Juvenile Green Heron Works the Wetlands!

Several days ago I noticed a young Green Heron in the Wetlands. It was in juvenal plumage.

A juvenile Green Heron contemplates the water’s surface, perhaps waiting for a fish, tadpole, or even a small frog to come by (6/22/11).

When I first saw the bird it still had some downy feathers wildly protruding from its crown. It’s “do” has settled down some but it still maintains the sure signs of a recently fledged bird.

Note the streaked underparts, light colored (buffy) edges to the feathers on the wing (coverts), and brownish back.

We’ve had a Green Heron or two visit the Wetlands daily since mid April. Since early May I’ve seen one of these little herons fly off in the direction of Catch the Wind, not in itself unusual because green herons seem to always fly off in that direction. More importantly, I kept seeing a heron land in the trees next to and behind the Take Off (our newest exhibit, where the Ornithopter used to be).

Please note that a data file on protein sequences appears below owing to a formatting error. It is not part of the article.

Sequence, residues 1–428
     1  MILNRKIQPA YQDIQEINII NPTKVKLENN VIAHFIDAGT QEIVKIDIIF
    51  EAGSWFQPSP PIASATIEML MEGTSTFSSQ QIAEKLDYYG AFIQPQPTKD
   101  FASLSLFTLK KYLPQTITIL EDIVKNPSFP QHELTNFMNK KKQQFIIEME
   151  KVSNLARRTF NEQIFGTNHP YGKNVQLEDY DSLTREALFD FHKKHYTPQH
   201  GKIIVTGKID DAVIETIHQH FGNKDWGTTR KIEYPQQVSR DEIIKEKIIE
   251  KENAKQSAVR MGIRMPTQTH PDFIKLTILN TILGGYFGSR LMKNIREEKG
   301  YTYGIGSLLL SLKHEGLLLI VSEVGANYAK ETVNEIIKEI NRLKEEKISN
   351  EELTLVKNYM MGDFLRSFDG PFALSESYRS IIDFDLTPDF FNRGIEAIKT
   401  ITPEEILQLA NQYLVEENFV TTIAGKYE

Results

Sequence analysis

I suspected that the bird was nesting somewhere in the tangle of shrubs and vines that grow in that area of the Museum grounds. This site is directly behind a small swampy area. Green Herons do not nest in colonies like most other herons and egrets, and our Wetlands is a perfect location for nesting to occur. I have no proof of a nest, but I strongly suspect that our little juvenile came from very close-by.

Notice the light edges and tips to the smaller feathers of the wing, the streaked belly and neck, and the brownish feathers on the back. If you look closely you can see some green feathers showing through.

If you happen to see the little heron, watch as it stalks fish, or awkwardly stabs at dragonflies that come near it, its youth is also made obvious by its behavior.

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